Back in September, a 10-year-old boy in Wasilla, Alaska pulled a young adult book called This Book is Gay off a shelf in the juvenile nonfiction section of the local public library. His mother, believing the book “too sexually explicit to have in the younger section,” filed a challenge asking for it to be relocated. After four months, two rounds of review, and one heated city council meeting, it has finally been decided that all of the library’s young adult nonfiction books–about 300 volumes–will now be shelved in the adult section rather than children’s.
While this may seem like a drastic step, it is actually an equitable solution that highlights the importance of properly classifying and shelving age-appropriate books in the first place. According to reviews from readers and professional sources alike, This Book is Gay by James Dawson is an exemplary and much-needed resource for teens. Here’s how the publisher describes it:
Inside you’ll find the answers to all the questions you ever wanted to ask: from sex to politics, hooking up to stereotypes, coming out and more. This candid, funny, and uncensored exploration of sexuality and what it’s like to grow up LGBT also includes real stories from people across the gender and sexual spectrums, not to mention hilarious illustrations.
There is no question that this book and others addressing teen sexuality across the whole spectrum of orientations and identities absolutely belong in library collections. Likewise, there are many LGBT-themed books for younger children that absolutely belong in the children’s section; just recently we’ve reported on attacks against picture books My Princess Boy, This Day in June, I Am Jazz, and The Family Book. But the two types of books are simply intended for very different audiences at different stages of development. In fact, shelving a vital resource like This Book is Gay amongst children’s books likely makes it less accessible to the teens who need it most, as they probably don’t browse in that section and may hesitate to deliberately search out books about sexuality there due to embarrassment or any number of other factors.
After Wasilla library director Kathy Martin-Albright reviewed the parent’s complaint and found that Dawson’s book was properly shelved–inasmuch as children’s and young adult titles were interfiled, and it definitely belongs with young adult books–the challenge was appealed to a review committee last month. By all appearances, the committee made up of a local independent bookstore owner, a high school librarian, and a representative of the public library’s Friends group approached the issue with sensitivity and respect for all parties involved, stressing that they wanted to make sure this book and others like it remain “in a place that teens can access and feel comfortable accessing.” But simply moving a single book, or even all the young adult sexuality books, from the juvenile section to adult would be a form of viewpoint discrimination–which is precisely what free speech advocates want libraries to avoid. Relocating all of the young adult books regardless of content was the best solution given the circumstances.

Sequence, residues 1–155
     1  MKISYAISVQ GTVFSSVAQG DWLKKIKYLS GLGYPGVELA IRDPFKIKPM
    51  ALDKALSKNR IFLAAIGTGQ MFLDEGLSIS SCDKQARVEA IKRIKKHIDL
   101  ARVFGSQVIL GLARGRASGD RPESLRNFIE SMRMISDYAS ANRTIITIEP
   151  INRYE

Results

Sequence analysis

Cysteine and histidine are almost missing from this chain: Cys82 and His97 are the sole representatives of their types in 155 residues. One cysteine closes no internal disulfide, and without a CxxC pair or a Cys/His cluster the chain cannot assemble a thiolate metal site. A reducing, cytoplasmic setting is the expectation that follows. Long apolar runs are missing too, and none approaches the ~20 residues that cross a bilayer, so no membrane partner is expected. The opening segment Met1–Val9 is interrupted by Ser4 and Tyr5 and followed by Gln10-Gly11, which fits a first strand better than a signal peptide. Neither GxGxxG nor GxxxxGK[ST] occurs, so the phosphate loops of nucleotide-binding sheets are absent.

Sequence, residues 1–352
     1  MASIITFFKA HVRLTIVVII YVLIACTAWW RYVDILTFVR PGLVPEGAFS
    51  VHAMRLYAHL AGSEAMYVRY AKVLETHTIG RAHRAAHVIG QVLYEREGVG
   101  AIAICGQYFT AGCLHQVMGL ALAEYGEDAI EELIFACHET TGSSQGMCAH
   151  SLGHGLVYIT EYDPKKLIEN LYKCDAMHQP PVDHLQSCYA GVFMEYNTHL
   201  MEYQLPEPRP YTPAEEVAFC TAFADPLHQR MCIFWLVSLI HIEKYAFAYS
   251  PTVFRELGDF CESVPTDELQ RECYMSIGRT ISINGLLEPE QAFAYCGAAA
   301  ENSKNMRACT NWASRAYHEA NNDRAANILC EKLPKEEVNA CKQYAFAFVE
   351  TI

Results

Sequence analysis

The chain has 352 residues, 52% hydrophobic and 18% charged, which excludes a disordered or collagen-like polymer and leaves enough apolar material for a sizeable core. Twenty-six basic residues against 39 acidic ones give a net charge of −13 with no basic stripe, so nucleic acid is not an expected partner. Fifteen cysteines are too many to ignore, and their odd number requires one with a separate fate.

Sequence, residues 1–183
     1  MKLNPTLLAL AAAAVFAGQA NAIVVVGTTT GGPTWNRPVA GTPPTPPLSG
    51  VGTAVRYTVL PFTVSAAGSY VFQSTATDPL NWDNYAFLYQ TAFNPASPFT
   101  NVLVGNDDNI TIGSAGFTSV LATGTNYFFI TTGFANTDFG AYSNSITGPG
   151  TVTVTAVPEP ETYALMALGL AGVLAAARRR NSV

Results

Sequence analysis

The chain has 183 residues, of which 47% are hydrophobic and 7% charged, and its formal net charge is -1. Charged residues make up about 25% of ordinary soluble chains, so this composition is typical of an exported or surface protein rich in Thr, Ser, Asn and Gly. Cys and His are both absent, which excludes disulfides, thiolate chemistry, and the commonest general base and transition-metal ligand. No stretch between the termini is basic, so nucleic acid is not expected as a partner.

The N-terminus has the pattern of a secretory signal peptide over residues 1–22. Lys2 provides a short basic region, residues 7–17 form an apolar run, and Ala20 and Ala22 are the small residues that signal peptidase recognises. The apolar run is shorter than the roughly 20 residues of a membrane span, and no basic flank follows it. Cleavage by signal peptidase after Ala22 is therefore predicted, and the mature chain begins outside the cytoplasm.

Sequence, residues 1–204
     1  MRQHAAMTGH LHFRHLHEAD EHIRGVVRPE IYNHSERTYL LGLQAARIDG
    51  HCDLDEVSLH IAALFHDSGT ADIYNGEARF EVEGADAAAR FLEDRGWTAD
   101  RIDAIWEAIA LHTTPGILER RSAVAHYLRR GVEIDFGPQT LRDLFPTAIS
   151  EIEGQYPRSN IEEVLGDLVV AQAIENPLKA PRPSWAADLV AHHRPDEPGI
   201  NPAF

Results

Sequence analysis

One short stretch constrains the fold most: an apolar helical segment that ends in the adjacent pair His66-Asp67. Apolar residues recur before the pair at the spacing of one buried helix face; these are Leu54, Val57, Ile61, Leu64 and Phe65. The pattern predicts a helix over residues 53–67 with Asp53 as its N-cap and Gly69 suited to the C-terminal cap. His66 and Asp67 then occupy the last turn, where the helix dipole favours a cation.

To highlight just how remarkable it is that Martin-Albright and the members of the review committee resolutely stood by This Book is Gay, consider how LGBT content has historically been treated by some public administrators in Wasilla. Shortly after Sarah Palin was elected mayor in 1996, she asked then-library director Mary Ellen Emmons “how I would deal with her saying a book can’t be in the library.” (A member of the city council who was present recalled that Emmons replied, “I would absolutely not comply with your request.”) Palin never filed a formal challenge to have any books removed, but the local reporter who covered the story at the time says that Emmons told him Palin specifically objected to LGBT-themed books held in the library.
More recently in 2011, Wasilla High School principal Dwight Probasco tried to bar the school’s jazz choir from singing “Bohemian Rhapsody” at graduation because at least one parent objected to Freddie Mercury’s sexual orientation. Probasco reversed course only after resourceful students threatened to contact the ACLU. With one segment of the community aspiring to that level of repression, we are glad that all teens in Wasilla can find the resources they need in the public library, from Emmons’ day to the present.
Contributing Editor Maren Williams is a reference librarian who enjoys free speech and rescue dogs.